2) It showed the carriers that consumers will enjoy their data packages if unlimited really means unlimited. In addition, it proved that if appropriately priced, (and I am not saying this one is), then consumers will browse.

3) It showed a fairly uninformed U.S. consumer what IS possible on a mobile phone, thus spurring innovation and excitement, finally!

We never saw this GPRS/2.5g phone as the end all to phones. We DO see it as the beginning of a movement to open up the mobile device to the normobs.

I’d buy an iphone tomorrow and pay the full retail price if I could choose my network, it’s the network agreement that prevents me. I want to choose which network I use, but don’t want to keep unlocking the handset whenever the firmware upgrade is released.

Hey Ewan, the figures quoted ignore a few important factors. Although AT&T have only gained 2m subscribers in 2007 there are a significant number of people unlocking the iPhone.

According to Steve Jobs’ keynote speech the sales figure for 2007 was 4m iPhones worldwide, with about 3.4m being sold in the USA. Taking into account the previous quarter’s figures (approx 1.2m sales in USA) this suggests the sales figure for the US market in Q4 was 2.2m and not 900,000 – there are clearly a large number of people unlocking their iphones and choosing alternative service providers. Taking this a bit further, each European territoriy seems to be selling around 100,000 units (locked and unlocked) on a monthly basis. Even if Apple doesnt enter new territories and sales remain constant, Apple should easily sell around 10m in 2008 alone – however there are clear signs that they intend to expand and I imagine the actual sales figure will be much higher than this.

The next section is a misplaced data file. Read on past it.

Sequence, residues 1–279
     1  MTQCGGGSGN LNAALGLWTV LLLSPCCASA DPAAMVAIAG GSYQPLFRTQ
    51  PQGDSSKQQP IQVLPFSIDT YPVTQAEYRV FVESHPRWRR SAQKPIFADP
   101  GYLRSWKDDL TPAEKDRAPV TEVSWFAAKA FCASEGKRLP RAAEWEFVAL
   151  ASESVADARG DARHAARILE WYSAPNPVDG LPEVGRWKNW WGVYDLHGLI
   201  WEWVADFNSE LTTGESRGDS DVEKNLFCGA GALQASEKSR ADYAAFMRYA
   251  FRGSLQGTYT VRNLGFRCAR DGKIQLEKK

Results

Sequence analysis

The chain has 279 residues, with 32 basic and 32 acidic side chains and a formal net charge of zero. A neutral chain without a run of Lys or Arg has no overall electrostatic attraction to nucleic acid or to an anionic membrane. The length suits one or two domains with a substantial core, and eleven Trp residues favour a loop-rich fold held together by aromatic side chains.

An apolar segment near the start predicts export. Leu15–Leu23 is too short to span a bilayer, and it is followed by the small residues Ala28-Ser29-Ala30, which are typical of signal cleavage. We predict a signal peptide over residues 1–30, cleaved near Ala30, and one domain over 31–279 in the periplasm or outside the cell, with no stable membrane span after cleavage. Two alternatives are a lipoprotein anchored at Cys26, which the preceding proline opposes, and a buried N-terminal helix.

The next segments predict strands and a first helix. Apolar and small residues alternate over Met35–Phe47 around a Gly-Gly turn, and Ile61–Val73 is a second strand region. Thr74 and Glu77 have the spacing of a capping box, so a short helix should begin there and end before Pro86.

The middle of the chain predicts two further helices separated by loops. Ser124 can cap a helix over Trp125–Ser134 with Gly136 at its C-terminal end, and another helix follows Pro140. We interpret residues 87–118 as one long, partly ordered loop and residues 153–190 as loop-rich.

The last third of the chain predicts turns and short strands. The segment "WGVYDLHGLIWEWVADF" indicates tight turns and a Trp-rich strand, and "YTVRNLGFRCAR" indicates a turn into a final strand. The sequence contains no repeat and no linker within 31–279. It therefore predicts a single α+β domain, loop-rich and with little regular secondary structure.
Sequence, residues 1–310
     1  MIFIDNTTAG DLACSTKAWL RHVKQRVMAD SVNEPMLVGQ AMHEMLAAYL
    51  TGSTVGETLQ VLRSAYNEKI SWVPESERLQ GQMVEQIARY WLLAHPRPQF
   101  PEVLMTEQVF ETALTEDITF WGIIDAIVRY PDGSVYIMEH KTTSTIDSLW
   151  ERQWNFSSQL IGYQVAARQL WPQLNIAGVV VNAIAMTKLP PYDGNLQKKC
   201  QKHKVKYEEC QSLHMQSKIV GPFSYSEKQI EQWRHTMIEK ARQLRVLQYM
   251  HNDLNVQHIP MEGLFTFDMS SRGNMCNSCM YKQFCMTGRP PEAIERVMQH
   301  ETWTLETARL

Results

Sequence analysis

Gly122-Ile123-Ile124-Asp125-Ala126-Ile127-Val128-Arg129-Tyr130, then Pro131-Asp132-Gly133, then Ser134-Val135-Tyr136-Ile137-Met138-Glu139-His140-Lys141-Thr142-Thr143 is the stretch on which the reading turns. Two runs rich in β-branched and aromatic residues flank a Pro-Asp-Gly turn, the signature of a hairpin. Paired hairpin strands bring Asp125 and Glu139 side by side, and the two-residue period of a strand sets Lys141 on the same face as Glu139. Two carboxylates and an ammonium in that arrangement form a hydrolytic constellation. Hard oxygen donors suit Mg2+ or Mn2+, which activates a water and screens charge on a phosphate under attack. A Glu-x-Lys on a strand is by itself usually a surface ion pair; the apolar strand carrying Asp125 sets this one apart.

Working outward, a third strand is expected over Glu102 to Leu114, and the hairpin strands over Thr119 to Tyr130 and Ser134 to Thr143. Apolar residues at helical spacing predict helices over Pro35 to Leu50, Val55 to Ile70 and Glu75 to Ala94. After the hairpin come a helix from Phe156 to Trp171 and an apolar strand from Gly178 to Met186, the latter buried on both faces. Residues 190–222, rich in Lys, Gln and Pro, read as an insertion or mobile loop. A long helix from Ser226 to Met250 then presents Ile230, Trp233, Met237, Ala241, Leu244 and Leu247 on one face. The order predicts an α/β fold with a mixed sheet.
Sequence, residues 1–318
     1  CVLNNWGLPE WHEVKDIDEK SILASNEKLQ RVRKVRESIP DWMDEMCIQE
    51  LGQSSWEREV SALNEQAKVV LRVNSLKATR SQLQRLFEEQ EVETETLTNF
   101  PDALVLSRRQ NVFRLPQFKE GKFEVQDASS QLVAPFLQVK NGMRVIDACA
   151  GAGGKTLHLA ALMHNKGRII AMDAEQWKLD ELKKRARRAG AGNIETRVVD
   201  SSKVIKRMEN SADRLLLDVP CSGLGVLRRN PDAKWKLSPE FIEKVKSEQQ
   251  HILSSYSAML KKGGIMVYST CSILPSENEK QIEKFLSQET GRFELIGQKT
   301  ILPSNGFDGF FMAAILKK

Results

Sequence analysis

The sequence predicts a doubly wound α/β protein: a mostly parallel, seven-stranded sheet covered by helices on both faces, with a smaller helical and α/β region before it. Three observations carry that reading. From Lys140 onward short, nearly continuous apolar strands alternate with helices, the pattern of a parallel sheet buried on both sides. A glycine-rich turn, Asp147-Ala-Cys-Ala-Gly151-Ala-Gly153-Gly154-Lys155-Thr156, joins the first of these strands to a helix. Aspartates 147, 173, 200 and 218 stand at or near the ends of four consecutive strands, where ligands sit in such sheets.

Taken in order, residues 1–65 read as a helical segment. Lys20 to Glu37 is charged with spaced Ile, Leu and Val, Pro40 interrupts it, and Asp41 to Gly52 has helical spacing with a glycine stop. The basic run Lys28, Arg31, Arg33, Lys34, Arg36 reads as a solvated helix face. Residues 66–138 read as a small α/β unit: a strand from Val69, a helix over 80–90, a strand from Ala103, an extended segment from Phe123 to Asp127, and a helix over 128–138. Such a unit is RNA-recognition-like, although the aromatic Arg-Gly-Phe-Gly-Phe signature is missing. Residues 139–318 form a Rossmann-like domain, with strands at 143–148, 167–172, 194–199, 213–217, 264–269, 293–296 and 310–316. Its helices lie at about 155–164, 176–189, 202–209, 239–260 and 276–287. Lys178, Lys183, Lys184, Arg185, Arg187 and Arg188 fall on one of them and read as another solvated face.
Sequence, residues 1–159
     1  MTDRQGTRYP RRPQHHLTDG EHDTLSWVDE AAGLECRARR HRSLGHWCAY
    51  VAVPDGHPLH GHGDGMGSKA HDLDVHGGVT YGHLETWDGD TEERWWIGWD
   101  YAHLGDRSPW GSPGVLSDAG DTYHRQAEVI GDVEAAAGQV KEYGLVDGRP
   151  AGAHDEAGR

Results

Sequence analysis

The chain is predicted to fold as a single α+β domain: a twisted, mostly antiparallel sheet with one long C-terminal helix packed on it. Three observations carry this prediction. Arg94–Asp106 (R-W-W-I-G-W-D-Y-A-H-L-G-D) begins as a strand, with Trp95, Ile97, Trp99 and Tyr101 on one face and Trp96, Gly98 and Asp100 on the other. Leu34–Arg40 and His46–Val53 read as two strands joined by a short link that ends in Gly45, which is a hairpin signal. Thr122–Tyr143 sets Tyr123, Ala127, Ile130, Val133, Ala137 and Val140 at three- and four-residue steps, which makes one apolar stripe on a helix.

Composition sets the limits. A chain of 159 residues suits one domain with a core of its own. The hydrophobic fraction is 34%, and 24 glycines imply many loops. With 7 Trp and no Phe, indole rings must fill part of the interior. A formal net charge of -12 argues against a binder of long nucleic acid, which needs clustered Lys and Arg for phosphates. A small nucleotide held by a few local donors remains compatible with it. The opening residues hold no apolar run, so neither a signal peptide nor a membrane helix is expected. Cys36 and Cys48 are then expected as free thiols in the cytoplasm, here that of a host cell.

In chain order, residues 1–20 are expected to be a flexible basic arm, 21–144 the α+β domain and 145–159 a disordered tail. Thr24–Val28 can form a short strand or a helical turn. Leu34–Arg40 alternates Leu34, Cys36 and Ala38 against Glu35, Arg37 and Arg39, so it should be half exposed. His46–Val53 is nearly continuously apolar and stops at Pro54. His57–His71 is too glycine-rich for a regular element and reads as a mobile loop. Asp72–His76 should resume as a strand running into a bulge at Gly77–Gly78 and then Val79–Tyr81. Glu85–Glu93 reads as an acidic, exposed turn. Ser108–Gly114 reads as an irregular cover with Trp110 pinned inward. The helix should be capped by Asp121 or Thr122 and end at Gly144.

Still, I agree with the sentiment. The business plan is pants. Their locking/bricking strategy has cast a shadow and this will alienate people. On the other hand, if they sell iPhones at £100 they will lose their entire iPod sales overnight and the iPhone brand will lose prestige. It is a difficult balancing act but Apple are not stupid and they have made waves and will continue to do so when the time is right. At some point in the future the iPhone will replace the iPod line but this will take time and I guess this is why they signed a 5 year contract with ATT. I believe this is when they will sell it unlocked.

In just two years iPod sales went from about 4 million per quarter to almost 22 million in the same quarter. And to think that it took the iPod 3 years just to get to that 4 million!

If Apple sell 10 million iPhone by the end of 2008, I reckon they have a good chance of selling another 50 million in 2009. Still only a small fraction of Nokia’s sales, but a significant number nonetheless, especially for a smartphone.